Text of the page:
South Belfast GP says "winter has come early" as more children diagnosed with respiratory illnesses

By Jane Corscadden

A South Belfast GP has explained why a higher volume of children than would normally be expected at this time of year are coming down with respiratory illnesses.

As society begins to return to normal after coronavirus restrictions are eased, many people have said they have come down with the "worst cold ever".

So if you've been out and about lately, it's likely you've heard more people sniffling in shops or on public transport.

But Dr Ursula Brennan, GP at Mount Oriel Medical Practice in Belfast, said she wouldn't call it the worst cold ever but instead says it's like "winter has come early."

Speaking to Belfast Live, she said the higher volume of children coming down with respiratory illnesses is expected due to society mixing more as coronavirus restrictions ease.

Dr Brennan added: "The volume of respiratory illness is largely unchanged from my perspective. Certainly what I'm seeing at the moment are earlier cases of children with croup and bronchiolitis and we're seeing those in a higher volume than we'd normally expect at this point in the year.

"Probably the winter has come earlier, which isn't unexpected given the lockdown restrictions and the lockdown we had postponed the onset of mixing.

"Now we're seeing the restrictions have been lifted, people are circulating, they've increased their contacts, and certainly pediatric respiratory illnesses are becoming more apparent at this time of the year. We're seeing children with coughs, fever, and just a bit unwell."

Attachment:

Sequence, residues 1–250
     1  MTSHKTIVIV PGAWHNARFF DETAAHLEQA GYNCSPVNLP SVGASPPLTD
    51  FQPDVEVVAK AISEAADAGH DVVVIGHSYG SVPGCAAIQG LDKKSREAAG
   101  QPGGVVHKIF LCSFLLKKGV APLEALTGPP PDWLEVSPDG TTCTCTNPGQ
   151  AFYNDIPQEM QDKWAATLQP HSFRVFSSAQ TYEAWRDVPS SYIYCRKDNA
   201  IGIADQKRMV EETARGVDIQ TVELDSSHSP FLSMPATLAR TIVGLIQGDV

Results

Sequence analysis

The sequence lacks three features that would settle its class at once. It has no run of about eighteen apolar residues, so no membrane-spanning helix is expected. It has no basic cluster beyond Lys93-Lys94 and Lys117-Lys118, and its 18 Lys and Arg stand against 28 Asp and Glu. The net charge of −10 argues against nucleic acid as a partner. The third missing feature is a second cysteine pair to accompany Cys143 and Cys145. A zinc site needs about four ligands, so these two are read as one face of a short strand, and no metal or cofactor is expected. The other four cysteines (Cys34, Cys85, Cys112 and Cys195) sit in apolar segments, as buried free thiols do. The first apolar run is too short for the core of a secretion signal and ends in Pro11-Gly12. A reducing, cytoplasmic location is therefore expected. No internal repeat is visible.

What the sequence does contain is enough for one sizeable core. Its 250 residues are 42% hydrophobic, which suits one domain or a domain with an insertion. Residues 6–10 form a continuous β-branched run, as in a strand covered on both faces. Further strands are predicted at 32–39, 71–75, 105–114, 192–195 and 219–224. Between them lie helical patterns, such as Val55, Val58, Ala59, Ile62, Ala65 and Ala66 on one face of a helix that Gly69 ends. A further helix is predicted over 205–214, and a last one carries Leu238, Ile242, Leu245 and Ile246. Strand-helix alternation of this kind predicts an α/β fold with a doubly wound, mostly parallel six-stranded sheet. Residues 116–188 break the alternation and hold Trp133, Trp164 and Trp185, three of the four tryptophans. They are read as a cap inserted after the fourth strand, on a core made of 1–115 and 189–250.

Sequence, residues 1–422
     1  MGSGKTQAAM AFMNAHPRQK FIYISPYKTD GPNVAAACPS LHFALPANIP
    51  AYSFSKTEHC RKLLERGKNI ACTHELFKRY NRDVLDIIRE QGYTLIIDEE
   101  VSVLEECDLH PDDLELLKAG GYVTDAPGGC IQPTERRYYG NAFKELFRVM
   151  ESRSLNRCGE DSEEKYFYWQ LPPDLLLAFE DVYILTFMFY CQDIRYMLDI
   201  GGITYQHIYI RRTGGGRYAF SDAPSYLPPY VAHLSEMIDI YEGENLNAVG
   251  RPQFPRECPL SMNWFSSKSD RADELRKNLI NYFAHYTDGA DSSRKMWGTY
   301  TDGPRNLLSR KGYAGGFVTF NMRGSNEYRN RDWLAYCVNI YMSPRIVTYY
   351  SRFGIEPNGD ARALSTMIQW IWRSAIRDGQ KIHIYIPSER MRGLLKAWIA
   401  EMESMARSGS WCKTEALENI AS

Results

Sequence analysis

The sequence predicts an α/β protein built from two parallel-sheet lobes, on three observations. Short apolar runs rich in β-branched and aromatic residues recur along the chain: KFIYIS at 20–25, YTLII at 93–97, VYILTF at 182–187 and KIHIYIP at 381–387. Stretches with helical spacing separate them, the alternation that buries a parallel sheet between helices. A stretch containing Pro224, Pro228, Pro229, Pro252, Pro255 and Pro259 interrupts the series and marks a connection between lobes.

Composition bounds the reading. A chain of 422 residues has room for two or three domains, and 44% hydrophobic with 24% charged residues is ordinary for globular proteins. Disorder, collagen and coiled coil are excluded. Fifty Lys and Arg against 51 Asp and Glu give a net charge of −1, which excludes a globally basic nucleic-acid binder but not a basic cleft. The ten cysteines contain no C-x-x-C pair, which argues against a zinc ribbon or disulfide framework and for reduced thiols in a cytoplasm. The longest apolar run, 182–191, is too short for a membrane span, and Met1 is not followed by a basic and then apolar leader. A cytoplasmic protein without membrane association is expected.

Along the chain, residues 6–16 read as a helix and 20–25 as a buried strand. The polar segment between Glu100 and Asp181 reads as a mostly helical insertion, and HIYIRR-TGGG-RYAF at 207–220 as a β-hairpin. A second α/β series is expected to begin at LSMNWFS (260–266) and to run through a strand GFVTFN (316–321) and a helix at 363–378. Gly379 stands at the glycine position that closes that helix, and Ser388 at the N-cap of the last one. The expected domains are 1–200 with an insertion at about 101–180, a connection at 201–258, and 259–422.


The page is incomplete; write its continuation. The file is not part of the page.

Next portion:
However, she notes it's important to seek a PCR test if you develop a new persistent cough at any stage and to take up the flu vaccine if you're offered it.

Dr Brennan continued: "Any new cough can be covid - it doesn't sound any different from another respiratory illness."

"Whilst it may feel like a normal cough, there's still an important role for PCR testing. A negative PCR allows you to be able to be seen and assessed in a larger arena of services. It means people are able to be seen in their own GP surgeries.

"The flu begins to circulate at this time of year as well. GP practices are working exceptionally hard to deliver flu vaccines to protect patients, those above the age of 50, and those who are vulnerable."

Although noting that the "pandemic is far from over", the South Belfast GP also added that if you're feeling unwell and need additional support, you should reach out to your GP.

Dr Brennan said: "Don't feel frightened that you can't use services, sometimes it takes a few tries to get through to the GP surgery but we're here and our teams are really committed to answering the phone and navigating care to make sure patients are dealt with as quickly as possible."

Tips for managing symptoms of cold and flu

Dr Brennan has issued some simple advice for ways to treat the common cold or flu if you find yourself under the weather, as well as ways to reduce spreading illness to others:

  • Practice good nasal hygiene - use tissues then put them in the bin
  • Home treatment with paracetamol for aches and pains
  • Keep well hydrated and get plenty of rest
  • Good hand washing with soap and water
  • Link in with community pharmacy or GP practice for additional support if needed


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